Ch.12 - SolutionsWorksheetSee all chapters
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Ch.1 - Intro to General Chemistry
Ch.2 - Atoms & Elements
Ch.3 - Chemical Reactions
BONUS: Lab Techniques and Procedures
BONUS: Mathematical Operations and Functions
Ch.4 - Chemical Quantities & Aqueous Reactions
Ch.5 - Gases
Ch.6 - Thermochemistry
Ch.7 - Quantum Mechanics
Ch.8 - Periodic Properties of the Elements
Ch.9 - Bonding & Molecular Structure
Ch.10 - Molecular Shapes & Valence Bond Theory
Ch.11 - Liquids, Solids & Intermolecular Forces
Ch.12 - Solutions
Ch.13 - Chemical Kinetics
Ch.14 - Chemical Equilibrium
Ch.15 - Acid and Base Equilibrium
Ch.16 - Aqueous Equilibrium
Ch. 17 - Chemical Thermodynamics
Ch.18 - Electrochemistry
Ch.19 - Nuclear Chemistry
Ch.20 - Organic Chemistry
Ch.22 - Chemistry of the Nonmetals
Ch.23 - Transition Metals and Coordination Compounds

Solution: In which solvent do you expect hexane (C6H14) to be miscible? A. CH3CNB. C5H12C. CH3COOHD. CH3OHE. H2O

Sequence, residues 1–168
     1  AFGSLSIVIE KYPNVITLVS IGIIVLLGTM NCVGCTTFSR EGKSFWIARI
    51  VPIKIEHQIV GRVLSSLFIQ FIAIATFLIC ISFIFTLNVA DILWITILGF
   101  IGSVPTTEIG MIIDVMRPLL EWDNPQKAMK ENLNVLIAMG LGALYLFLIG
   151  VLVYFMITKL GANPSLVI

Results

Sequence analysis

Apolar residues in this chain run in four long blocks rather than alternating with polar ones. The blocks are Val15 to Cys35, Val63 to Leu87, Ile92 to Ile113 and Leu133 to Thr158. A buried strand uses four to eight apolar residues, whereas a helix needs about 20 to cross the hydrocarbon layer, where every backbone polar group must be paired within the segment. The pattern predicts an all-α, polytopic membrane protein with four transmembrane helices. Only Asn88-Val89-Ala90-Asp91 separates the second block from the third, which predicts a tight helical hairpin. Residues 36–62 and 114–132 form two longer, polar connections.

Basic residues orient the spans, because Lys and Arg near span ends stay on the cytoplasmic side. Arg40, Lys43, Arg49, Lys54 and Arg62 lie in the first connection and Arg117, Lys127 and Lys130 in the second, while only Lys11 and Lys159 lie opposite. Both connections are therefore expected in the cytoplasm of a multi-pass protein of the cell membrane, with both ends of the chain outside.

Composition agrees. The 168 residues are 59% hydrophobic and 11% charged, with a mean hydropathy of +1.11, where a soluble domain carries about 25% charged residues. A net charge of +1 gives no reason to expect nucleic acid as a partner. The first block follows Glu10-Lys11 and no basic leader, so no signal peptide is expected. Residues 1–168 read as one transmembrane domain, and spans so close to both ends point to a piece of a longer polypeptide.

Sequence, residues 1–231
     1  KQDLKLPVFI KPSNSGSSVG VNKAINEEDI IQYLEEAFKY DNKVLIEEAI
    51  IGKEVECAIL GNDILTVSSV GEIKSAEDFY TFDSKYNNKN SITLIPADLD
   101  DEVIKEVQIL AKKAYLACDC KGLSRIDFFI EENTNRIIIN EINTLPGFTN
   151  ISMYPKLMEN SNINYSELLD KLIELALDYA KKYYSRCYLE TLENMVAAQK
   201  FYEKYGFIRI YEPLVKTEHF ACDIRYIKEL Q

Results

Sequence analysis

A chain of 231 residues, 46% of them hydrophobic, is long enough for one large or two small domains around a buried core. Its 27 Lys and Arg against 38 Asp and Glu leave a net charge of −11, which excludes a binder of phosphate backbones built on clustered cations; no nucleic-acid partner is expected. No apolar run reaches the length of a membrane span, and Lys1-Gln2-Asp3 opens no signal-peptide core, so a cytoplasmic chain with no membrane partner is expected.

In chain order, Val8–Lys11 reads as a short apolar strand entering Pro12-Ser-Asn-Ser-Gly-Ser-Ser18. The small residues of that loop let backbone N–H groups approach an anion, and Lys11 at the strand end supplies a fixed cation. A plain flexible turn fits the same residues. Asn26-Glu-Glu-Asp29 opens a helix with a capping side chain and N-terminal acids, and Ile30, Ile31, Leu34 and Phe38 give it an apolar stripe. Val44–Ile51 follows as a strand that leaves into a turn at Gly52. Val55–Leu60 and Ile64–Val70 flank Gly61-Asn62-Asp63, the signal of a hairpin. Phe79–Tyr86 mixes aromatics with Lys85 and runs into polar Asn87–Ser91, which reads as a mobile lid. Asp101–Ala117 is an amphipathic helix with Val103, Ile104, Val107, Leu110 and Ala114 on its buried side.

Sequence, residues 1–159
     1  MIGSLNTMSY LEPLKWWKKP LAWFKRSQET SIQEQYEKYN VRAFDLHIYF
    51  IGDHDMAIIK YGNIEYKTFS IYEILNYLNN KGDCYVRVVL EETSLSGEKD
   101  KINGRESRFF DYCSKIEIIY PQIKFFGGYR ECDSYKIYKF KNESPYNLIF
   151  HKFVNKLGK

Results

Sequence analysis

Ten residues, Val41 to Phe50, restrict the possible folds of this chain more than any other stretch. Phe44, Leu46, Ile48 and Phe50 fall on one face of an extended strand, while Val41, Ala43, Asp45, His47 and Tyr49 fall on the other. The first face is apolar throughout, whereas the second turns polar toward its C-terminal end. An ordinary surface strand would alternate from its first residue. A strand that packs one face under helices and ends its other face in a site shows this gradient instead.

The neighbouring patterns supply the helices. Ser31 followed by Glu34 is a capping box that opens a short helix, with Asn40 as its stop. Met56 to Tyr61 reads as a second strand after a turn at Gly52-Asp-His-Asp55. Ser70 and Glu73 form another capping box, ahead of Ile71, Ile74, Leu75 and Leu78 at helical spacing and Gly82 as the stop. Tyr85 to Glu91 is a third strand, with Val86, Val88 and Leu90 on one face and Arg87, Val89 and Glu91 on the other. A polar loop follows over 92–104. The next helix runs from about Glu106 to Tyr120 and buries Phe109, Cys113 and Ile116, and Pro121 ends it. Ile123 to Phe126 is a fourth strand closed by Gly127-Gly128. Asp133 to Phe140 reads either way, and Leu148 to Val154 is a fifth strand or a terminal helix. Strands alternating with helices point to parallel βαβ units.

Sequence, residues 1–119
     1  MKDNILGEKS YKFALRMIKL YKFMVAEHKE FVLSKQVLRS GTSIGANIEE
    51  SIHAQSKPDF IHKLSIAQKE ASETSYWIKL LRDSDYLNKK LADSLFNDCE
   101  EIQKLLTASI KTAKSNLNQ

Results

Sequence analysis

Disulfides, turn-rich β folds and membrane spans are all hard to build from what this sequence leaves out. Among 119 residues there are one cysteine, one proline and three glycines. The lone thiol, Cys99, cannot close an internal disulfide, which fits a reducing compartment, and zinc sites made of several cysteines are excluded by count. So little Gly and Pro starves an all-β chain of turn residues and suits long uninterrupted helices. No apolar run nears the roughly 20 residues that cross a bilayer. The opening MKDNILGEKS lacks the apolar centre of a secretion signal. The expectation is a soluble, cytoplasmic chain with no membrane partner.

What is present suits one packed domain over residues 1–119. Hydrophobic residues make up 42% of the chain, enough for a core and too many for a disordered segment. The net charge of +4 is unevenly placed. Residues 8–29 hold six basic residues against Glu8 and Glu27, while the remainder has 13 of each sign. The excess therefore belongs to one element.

Problem

In which solvent do you expect hexane (C6H14) to be miscible? 

A. CH3CN

B. C5H12

C. CH3COOH

D. CH3OH

E. H2O

Solution

We’re being asked in which solvent do we expect hexane (C6H14) to be miscible. Recall that the main idea in dissolution is like dissolves like, which means compounds with the same polarity and intermolecular force can dissolve each other.


Hexane is an example of a hydrocarbon, a compound composed only of carbons and hydrogens. Hydrocarbons are nonpolar compounds. This means that hexane is a nonpolar molecule that exhibits dispersion forces.


So for this, we need to draw the Lewis structures of the given choices and determine their polarity.


Step 1: Determine the central atom in this molecule.

Step 2: Calculate the total number of valence electrons present and draw the Lewis structure for the molecule.

Step 3: Determine the polarity of the molecule.


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